The Rivals marks the first joint project from the top sports writers of New York Times and the Boston Globe--and what better subject than the two baseball teams whose crossed fortunes obsess and define each city.
A Struggle for the Ages. . .
BOSTON GLOBE JANUARY 6, 1920
RED SOX SELL RUTH FOR $100,000 CASH
Demon Slugger of American League, Who Made 29 Home Runs Last Season, Goes to New York Yankees
FRAZEE TO BUY NEW PLAYERS
The Yankees vs. the Red Sox. Each baseball season begins and ends with unique intensity, focused on a single question: What's ahead for these two teams? One, the most glamorous, storied, and successful franchise in all of sports; the other, perennially star-crossed but equally rich in baseball history and legend. In The Rivals sports writers of The New York Times and The Boston Globe come together in the first-ever collaboration between the two cities' leading newspapers to tell the inside story of the teams' intertwined histories, each from the home team's perspective.
Beginning with the Red Sox's early glory days (when the Yankees were perennial losers), continuing through the Babe Ruth era and the notorious trade that made the Yankees champions (and marked the Sox with the so-called "Curse of the Bambino"); to Ted Williams vs. Joe DiMaggio; Thurman Munson and Carlton Fisk; Roger Clemens and Pedro Martinez; down to last year's legendary playoff showdown, The Rivals captures the drama of key eras, events, and personalities of both teams.
And who better to tell the story than the baseball writers of the two rival cities? For The New York Times, it's Dave Anderson, Harvey Araton, Jack Curry, Tyler Kepner, Robert Lipsyte and George Vecsey who report on the Yankee view of the rivalry, while The Boston Globe Gordon Edes, Jackie MacMullan, Bob Ryan, and Dan Shaughnessy recount the view from the Hub. And their stories are richly illustrated with classic photographs and original articles from the archives, capturing the great moments as they happened.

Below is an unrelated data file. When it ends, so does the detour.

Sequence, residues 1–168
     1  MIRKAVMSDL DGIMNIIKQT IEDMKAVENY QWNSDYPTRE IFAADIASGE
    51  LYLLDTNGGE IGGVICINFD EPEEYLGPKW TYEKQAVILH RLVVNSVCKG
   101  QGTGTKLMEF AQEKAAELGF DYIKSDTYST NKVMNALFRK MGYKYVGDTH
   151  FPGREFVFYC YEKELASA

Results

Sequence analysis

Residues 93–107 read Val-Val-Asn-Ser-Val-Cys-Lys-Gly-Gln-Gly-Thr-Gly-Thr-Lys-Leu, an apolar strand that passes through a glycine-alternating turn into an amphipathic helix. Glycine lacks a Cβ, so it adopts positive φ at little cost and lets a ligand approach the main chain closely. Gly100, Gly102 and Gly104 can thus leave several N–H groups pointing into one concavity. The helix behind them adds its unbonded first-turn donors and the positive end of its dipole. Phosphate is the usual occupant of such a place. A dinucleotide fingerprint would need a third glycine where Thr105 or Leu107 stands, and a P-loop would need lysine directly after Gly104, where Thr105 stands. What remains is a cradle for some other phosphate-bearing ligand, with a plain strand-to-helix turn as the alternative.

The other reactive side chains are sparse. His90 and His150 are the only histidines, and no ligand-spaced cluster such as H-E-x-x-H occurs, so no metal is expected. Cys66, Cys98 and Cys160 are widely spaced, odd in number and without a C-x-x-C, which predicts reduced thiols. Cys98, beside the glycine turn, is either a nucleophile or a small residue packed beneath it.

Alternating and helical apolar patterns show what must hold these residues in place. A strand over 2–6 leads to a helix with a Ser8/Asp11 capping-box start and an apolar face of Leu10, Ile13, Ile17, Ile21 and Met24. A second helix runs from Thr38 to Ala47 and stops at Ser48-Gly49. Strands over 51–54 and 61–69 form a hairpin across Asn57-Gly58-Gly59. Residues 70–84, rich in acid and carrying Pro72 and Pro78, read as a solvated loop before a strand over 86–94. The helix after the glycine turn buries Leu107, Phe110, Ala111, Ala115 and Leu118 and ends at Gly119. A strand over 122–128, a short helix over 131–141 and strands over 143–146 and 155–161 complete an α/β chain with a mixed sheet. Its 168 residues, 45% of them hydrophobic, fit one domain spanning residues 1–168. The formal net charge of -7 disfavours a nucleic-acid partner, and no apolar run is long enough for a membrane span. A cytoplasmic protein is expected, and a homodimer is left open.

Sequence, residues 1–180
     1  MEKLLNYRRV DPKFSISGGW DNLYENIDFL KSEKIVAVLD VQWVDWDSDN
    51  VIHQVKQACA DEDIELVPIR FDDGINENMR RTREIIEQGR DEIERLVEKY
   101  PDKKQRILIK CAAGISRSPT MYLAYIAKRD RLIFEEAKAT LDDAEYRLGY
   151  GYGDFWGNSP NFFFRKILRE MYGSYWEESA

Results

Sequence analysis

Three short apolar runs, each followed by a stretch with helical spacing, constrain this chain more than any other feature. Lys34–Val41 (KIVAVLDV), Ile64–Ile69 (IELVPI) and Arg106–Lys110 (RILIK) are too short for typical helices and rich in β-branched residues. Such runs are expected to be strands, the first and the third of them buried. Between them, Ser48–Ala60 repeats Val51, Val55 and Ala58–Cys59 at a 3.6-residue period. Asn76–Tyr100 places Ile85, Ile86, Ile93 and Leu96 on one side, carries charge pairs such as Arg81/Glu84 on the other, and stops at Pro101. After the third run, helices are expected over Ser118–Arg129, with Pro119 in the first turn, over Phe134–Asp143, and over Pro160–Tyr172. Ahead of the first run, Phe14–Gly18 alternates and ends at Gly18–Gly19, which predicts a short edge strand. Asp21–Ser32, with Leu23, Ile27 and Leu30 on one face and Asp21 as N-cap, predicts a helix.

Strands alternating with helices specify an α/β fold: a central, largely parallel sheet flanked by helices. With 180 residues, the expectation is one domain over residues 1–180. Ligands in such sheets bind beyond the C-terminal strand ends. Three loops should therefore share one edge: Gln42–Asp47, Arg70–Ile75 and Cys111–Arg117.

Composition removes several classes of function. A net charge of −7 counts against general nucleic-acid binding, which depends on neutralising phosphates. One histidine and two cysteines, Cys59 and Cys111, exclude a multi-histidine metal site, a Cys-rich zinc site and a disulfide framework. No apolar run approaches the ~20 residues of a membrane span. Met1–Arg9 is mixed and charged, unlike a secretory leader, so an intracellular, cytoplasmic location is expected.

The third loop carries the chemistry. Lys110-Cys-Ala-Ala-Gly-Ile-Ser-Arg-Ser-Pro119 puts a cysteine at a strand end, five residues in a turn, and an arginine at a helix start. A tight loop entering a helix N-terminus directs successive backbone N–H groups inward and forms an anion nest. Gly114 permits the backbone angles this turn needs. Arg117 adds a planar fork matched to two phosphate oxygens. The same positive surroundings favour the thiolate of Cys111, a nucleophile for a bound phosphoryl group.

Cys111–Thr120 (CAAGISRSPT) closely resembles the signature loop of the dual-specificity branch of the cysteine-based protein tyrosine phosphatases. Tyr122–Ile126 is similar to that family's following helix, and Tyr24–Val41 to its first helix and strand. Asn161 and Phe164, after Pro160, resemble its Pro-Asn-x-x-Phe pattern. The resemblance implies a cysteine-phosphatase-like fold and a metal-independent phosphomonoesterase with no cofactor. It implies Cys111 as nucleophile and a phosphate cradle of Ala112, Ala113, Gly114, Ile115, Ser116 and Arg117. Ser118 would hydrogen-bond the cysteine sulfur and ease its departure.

For Red Sox fans, Yankees fans, or anyone interested in remarkable baseball history, The Rivals is an expert, up-close look at the longest, and fiercest of all sports rivalries.
This collection of original essays is a natural: not only does the same parent corporation own both newspapers, it also has a significant stake in the Red Sox. But the anthology isn't just hype; the New Yorkers in particular gladly point out that this is "a Potemkin Village of a rivalry," and that whether Babe Ruth cursed the Sox or not, the Yankees have been able to win 26 World Series in the 84 years since Babe arrived in the Bronx because they consistently fielded a better team. Dreamy-eyed paeans to the "religion of baseball" are thankfully kept to a minimum, as the writers focus on major Sox-Yankees confrontations through the decades (including last year's championship series brawl) and anecdotes starring players from both teams many of whom may go unrecognized by baseball fans in other cities. If the book does have a fault, it's that its writers often wind up repeating the same stories, though the differing perspectives can be illuminating. Globe writers fess up to the Sox's sorry legacy as the last Major League team to hire an African-American player, for example, while Times columnists use the fact as one more opportunity to hammer home their team's superiority. 60 b&w, 20 color photos.